The Atlanta Injury News Blog

Alleged Shoplifter Dies After Confrontation at Lithonia Walmart

Black Friday is behind us, but shopping-related injuries and altercations continue.

On Sunday, shoplifting turned deadly after a middle-aged man was allegedly caught stealing DVD players at a Lithonia Walmart, Channel 2 Action News reports. A chase ensued, and employees detained the man after a scuffle.

When police arrived, however, the suspect was dead. If the victim has surviving family members, Walmart could soon be facing a wrongful death lawsuit.

The man reportedly walked out of the store carrying two DVD players. Two sales associates and a security guard caught up with him in the parking lot and a physical altercation ensued. The security guard allegedly put the man in a chokehold.

When a police officer arrived, he noticed that the man was unresponsive and bleeding from his nose and mouth. He was taken to DeKalb Medical-Hillandale Hospital where he was pronounced dead. The cause of death hasn't yet been determined.

The two store employees involved have since been suspended with pay, pending the outcome of an investigation. The security officer will no longer be providing services for the store, a Walmart spokeswoman said in a statement.

"Our associates are trained that the safety of our customers and our associates is our first priority. No amount of merchandise is worth someone's life," Walmart's statement said. "Associates are trained to disengage from situations that would put themselves or others at risk."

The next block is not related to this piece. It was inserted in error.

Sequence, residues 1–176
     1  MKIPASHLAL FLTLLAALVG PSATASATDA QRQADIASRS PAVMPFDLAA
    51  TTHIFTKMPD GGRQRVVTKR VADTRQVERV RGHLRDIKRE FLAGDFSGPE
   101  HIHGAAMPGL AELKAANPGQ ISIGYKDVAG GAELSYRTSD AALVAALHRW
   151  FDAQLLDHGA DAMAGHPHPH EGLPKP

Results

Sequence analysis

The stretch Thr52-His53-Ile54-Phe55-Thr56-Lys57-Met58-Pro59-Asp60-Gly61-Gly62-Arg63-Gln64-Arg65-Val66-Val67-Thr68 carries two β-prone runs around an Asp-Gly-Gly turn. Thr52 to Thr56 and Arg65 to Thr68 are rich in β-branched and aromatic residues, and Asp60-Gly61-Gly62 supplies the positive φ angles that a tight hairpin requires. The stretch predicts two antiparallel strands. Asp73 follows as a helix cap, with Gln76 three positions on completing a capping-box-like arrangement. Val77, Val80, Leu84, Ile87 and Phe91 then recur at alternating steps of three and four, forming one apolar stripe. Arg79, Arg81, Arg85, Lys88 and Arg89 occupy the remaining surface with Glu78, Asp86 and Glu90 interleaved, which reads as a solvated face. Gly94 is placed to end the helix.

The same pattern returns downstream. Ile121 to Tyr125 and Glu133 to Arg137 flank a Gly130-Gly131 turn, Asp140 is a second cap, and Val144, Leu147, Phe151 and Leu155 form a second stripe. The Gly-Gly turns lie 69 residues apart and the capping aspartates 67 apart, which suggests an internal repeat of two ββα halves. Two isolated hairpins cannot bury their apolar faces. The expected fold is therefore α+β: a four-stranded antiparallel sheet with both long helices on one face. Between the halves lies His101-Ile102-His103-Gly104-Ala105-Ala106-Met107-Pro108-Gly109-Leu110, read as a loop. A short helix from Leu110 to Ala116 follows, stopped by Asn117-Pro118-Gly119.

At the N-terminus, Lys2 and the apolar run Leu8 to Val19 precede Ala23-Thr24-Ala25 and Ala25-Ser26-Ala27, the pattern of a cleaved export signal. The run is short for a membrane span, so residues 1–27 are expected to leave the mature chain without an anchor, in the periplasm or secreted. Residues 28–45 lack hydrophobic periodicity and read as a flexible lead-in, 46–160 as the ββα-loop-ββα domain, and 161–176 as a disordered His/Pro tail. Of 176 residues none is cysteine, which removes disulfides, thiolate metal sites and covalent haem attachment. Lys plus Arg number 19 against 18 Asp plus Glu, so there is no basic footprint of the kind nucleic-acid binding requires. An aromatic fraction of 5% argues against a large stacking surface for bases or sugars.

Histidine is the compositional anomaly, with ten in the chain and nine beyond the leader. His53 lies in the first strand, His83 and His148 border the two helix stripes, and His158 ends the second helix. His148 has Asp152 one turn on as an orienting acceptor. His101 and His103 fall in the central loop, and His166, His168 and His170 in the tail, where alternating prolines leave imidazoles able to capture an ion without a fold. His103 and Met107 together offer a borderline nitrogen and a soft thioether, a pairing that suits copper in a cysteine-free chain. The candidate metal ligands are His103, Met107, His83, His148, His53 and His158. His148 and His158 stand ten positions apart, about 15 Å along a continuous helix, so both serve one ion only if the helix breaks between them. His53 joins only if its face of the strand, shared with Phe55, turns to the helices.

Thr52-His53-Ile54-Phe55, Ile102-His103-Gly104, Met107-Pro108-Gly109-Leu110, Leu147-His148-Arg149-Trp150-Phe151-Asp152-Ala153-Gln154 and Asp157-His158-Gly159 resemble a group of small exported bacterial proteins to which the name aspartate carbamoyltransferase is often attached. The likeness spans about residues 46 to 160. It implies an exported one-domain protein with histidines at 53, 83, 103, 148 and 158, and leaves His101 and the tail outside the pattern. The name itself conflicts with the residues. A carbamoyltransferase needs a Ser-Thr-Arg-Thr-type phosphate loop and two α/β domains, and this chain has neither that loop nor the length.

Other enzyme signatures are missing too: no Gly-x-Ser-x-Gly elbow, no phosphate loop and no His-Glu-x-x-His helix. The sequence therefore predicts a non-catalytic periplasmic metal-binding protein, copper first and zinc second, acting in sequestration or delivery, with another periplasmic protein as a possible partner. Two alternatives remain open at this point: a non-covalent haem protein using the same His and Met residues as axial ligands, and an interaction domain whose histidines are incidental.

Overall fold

Walmart could potentially be sued under a theory of respondeat superior, or vicarious liability. Under the doctrine, an employer can be held liable for the wrongdoings of an employee if they were committed within the scope of employment.

The workers involved here were on the clock when the incident took place. On top of that, they were acting in the interests of their employer when they tackled the shoplifter.

On the other hand, Walmart may be off the hook for the security guard's actions, since security guards are often independent contractors rather than employees. In general, employers aren't responsible for the negligence of independent contractors, only that of their employees.

If the victim's family can show that the employees caused the man's death through the use of excessive force, they may be awarded damages for medical expenses, funeral costs, his lost wages, and the loss of consortium.

Related Resources: